A federal judge in Georgia granted final approval of a class settlement in a case brought by Delta customers who were provided credits in lieu of refunds for flights canceled by Delta between March 2020 and April 2021. The dispute began after a customer purchased a Delta flight from Montana to Mexico for March 27, 2020 which was cancelled by Delta during the pandemic. The customer requested a full refund but was allegedly told that if she did not accept the rebooked flight, she could receive only a travel credit, not a refund. Delta eventually entered into a settlement, which will provide more than $27 million to settlement class members who make eligible claims, as well as separate payments of more than $2.3 million for attorney fees and costs and $3,000 for a service award.


Pursuant to Order 2019-5-5, issued on May 15, 2019, DOT suspended the authority of all U.S. air carriers and foreign air carriers to provide foreign air transportation between the United States and Venezuela. However, at the request of the U.S. Department of Homeland Security (DHS), DOT recently granted a limited exemption, authorizing certain flights by U.S. air carriers conducted on behalf of DHS to execute final orders of removal for Venezuelan nationals. In support of its request, DHS asserted that the exemption is necessary to enable it to undertake one of its core statutory missions – securing the United States’ borders and safeguarding the integrity of its immigration system – and argued that the operations are in the public interest.  Removal flights have been ongoing this month.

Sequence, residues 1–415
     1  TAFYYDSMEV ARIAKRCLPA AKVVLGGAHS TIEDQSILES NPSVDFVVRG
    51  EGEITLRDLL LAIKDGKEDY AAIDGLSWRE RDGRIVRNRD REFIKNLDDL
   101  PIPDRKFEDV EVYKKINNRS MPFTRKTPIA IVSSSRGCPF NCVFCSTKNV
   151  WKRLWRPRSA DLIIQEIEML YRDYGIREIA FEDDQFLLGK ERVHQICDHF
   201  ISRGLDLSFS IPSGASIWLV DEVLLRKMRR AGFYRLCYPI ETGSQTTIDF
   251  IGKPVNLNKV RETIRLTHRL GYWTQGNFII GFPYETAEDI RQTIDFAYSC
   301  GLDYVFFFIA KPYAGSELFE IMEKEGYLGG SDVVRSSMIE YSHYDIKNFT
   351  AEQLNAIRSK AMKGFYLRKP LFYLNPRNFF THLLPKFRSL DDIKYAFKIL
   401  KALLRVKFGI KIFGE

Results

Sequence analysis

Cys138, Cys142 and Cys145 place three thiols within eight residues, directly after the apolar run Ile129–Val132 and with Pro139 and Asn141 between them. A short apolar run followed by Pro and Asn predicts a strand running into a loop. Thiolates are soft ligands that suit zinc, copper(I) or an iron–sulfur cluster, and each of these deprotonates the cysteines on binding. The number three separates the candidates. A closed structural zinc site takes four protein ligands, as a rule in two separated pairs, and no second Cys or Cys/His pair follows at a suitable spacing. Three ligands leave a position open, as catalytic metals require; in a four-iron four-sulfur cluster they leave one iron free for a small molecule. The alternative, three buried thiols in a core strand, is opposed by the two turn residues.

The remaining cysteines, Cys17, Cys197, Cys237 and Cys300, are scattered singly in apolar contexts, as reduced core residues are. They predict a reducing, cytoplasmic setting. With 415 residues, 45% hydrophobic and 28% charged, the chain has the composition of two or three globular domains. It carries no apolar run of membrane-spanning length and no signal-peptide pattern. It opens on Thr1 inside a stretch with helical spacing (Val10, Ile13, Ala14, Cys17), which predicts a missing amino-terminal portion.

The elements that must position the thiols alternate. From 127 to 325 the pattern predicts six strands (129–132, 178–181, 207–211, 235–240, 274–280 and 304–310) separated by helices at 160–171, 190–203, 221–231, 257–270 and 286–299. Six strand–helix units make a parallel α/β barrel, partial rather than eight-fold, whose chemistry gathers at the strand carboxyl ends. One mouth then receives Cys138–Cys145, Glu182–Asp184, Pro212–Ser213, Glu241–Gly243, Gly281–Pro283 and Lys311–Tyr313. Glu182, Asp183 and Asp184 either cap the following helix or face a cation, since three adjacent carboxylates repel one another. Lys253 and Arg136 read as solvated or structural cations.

On January 1, 2024, the Corporate Transparency Act (“CTA”) will come into effect and significantly revise current disclosure requirements for nearly every entity engaging in commerce in the United States. Under the CTA, all “reporting companies” will be required to disclose beneficial ownership information (“BOI”) to the U.S. Treasury’s Financial Crimes and Enforcement Network (“FinCEN”). A “reporting company” includes all entities that are formed or registered to do business in the United States by filing of a document with a secretary of state or similar offices, such as corporations, LLCs, LLPs, etc., subject to various exemptions. If an entity is not created with this type of state filing, like most trusts, the entity is exempt from the CTA. The CTA also exempts “large operating companies.” CTA defines a large operating company as any business that employs more than 20 full-time employees, earns more than $5 million in revenue, and has an operating presence at a physical office in the United States. The CTA creates 23 total exemptions from its reporting requirements. Failure to comply with the CTA can result in civil and criminal penalties. Businesses and industry leaders should take proactive steps to determine their specific status as either a “reporting company” or an exempt entity under the CTA. Companies should take necessary steps now to ensure compliance in 2024.